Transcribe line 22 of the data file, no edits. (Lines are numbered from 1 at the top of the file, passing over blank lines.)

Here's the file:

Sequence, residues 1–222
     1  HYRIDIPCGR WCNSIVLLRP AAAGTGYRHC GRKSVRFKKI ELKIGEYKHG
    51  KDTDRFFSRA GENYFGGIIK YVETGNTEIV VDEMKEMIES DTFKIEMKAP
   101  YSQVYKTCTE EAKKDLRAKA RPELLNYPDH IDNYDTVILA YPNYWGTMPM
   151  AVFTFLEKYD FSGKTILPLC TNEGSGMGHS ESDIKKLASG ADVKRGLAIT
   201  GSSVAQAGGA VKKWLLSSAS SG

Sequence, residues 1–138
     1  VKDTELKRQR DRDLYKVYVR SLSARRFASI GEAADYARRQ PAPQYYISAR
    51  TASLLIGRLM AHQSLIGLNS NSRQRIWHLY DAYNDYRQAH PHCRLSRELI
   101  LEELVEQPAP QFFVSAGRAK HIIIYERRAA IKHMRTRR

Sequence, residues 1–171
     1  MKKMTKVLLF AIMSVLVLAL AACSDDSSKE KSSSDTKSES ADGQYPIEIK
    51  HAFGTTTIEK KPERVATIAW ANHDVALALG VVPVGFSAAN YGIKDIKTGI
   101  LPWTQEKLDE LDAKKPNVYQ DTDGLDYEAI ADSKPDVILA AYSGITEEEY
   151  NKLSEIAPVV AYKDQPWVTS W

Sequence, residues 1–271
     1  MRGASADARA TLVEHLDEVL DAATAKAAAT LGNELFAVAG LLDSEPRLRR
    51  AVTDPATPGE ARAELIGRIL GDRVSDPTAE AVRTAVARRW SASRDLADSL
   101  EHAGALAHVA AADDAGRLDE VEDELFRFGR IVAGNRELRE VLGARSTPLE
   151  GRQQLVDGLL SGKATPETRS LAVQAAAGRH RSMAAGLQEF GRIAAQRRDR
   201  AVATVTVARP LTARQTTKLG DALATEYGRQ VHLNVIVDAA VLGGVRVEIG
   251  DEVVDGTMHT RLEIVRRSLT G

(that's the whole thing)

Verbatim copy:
   251  DEVVDGTMHT RLEIVRRSLT G